Short Story: Lost September

(I wrote this back in late ’01 and early ’02.)

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Her name was Michelle and he loved her.

She had gotten to work early that morning. It was her second day on the job. The first day had been long and filled with paperwork. Her second day was going to be better. She would be meeting her new co-workers, setting up her cubicle, and maybe even going out afterwards for a drink with the others. She would have been nervous and shy, but that was always part of her appeal. Unassuming, blithely unaware of her own attractiveness. Putting people at ease in their genuine desire to put her at ease.

He had spent the entire day in panic as he had held a photo of her grasped tightly in his cold hand, his vision obscured by a haze of dust and flame. He felt, suddenly, alone and lost.

He felt empty.

A well-kept woman in her mid to late fifties was being interviewed on TV. Her mother. She wore no makeup, but the darkness under her eyes did not speak of self-pity. It whispered of loss, and grief. The resemblance to the photo was not striking. The similarity was only apparent in the bearing and the good-natured lines along the forehead and about the eyes. She was speaking of her daughter’s excitement at being in the big city. Of starting a new job. Of starting a new life. For herself and for her young son.

She had been a single mom for several years. That didn’t mean her ex-husband was a bum. They had just gotten married quickly when they were young. They thought it was the next step to becoming real grown ups. They were a bit surprised to realize that they were still who they were before they got married.

He studied her face in the photos gently. Trying to find some kind of key, etching her into his brain. Her shoulder length auburn hair. Hazel eyes. The way her neck curved into her shoulders. The gentle slope of her body. The way her lips opened slightly in a smile.

She wasn’t from the city originally. That was obvious in the way her face opened up to those around her, even as a child. She wasn’t completely gullible, but she probably was a little too trusting. She was from the mid-west. Colorado.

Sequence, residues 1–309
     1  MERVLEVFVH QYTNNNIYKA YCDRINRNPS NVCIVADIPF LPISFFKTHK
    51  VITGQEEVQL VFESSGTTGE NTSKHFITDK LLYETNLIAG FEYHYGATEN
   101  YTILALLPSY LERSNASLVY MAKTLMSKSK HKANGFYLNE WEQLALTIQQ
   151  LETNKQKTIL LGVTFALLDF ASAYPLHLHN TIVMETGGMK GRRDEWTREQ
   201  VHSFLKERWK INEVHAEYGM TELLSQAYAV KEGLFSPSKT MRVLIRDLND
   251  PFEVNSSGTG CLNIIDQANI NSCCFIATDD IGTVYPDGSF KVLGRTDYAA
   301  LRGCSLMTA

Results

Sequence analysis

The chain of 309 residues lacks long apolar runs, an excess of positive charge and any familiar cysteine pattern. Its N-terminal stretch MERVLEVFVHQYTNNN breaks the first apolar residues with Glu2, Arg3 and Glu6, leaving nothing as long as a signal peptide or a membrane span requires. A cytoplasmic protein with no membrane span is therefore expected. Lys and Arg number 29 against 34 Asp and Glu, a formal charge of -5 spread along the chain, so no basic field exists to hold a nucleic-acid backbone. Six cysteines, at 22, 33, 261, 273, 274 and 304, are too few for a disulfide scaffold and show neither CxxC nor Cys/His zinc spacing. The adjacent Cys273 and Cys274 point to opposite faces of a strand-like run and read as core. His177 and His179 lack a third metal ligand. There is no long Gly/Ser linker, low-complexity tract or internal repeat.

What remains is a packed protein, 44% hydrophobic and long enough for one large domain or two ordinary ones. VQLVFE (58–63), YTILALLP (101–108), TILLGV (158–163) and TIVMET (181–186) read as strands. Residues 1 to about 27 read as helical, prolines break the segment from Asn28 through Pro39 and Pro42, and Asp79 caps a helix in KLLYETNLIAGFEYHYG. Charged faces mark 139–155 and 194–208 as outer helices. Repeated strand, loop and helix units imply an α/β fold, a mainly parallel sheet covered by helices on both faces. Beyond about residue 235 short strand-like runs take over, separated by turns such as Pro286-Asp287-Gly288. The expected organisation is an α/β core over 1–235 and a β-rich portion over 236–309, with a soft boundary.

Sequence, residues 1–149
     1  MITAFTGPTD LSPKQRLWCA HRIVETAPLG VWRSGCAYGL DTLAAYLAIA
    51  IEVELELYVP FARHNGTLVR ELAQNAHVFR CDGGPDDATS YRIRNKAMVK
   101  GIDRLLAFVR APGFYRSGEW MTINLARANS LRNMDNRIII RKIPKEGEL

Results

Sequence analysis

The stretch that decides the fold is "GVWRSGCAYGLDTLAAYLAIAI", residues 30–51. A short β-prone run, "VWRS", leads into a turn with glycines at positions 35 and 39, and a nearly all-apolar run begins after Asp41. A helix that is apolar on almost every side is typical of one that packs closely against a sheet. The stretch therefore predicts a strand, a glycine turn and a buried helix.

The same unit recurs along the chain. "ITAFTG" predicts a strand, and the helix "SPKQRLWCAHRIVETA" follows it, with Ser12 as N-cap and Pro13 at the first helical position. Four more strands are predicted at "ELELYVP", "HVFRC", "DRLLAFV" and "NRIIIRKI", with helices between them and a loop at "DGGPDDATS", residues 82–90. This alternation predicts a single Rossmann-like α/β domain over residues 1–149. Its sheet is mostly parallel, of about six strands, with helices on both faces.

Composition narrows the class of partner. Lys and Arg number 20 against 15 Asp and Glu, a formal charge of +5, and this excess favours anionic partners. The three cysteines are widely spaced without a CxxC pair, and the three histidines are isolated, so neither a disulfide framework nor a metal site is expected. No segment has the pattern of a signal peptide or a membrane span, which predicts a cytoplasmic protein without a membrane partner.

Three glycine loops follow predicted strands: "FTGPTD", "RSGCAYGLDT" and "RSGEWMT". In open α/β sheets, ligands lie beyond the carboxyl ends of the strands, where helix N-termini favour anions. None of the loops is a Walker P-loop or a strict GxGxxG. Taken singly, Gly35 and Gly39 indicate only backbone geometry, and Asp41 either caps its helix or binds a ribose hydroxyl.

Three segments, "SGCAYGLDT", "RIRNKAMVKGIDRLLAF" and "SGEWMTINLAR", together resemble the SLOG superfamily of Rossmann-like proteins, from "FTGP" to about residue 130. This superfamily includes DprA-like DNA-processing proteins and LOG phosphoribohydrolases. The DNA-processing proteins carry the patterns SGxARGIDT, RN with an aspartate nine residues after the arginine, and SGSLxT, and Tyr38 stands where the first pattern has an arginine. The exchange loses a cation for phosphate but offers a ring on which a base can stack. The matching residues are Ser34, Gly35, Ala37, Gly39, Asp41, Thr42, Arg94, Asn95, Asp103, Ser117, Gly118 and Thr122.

The sirens pushed sluggishly through his sleep. His body tensed as he fought to stay asleep, to ignore the world outside. He tried to hold onto her image, laughing with him, smiling up into his eyes, but his grip wasn’t strong enough and soon she was gone. And the sirens were now cutting through the veil that separated him from the waking world. He lay there in his bed with his eyes still closed, trying to remember if he had kissed her in his dream.

An icy fall breeze snuck in through the window and caressed his forehead. The early morning chill bit at him and he pulled his covers up closer, opening his eyes reluctantly. The sirens still screamed. He could count at least four different sources, all with the same voice. They were screaming his name. Yelling at him. He closed his eyes tight, until the blackness rained red.

She wasn’t the prom queen in high school. But that was okay, no one was really sure who the prom queen was anymore, anyway. She was well remembered, though. They remembered her in science class in the second row. And in the library sixth hour. They remembered her as the cute girl that all the guys wanted to ask out, but never did.

She married just before she turned nineteen. They had met at a freshman social their first year at the University, were engaged by Christmas and married in time for Easter break. He was a non-practicing Episcopalian, and she was a non-practicing Mormon. They were married on the lawn of the school, next to the old theater by a Unitarian minister. Their son was born early the next year. They named him Peter, but her husband always called him Manny. Peter was given a name and blessed in the Mormon Church, and baptized into the Episcopalian one. It was a compromise of extended families.